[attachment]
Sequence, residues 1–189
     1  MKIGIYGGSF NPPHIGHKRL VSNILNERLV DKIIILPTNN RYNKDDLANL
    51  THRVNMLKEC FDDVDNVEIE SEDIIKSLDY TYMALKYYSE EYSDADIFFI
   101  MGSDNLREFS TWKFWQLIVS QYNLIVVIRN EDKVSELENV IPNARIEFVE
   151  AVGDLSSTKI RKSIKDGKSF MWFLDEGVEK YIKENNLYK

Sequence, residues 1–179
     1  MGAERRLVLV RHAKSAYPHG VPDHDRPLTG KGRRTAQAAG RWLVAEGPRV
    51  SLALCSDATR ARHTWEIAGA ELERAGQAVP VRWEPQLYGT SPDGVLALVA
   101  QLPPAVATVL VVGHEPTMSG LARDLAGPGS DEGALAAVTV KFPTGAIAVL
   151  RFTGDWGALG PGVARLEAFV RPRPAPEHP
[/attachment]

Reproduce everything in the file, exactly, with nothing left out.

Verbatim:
Sequence, residues 1–189
     1  MKIGIYGGSF NPPHIGHKRL VSNILNERLV DKIIILPTNN RYNKDDLANL
    51  THRVNMLKEC FDDVDNVEIE SEDIIKSLDY TYMALKYYSE EYSDADIFFI
   101  MGSDNLREFS TWKFWQLIVS QYNLIVVIRN EDKVSELENV IPNARIEFVE
   151  AVGDLSSTKI RKSIKDGKSF MWFLDEGVEK YIKENNLYK

Sequence, residues 1–179
     1  MGAERRLVLV RHAKSAYPHG VPDHDRPLTG KGRRTAQAAG RWLVAEGPRV
    51  SLALCSDATR ARHTWEIAGA ELERAGQAVP VRWEPQLYGT SPDGVLALVA
   101  QLPPAVATVL VVGHEPTMSG LARDLAGPGS DEGALAAVTV KFPTGAIAVL
   151  RFTGDWGALG PGVARLEAFV RPRPAPEHP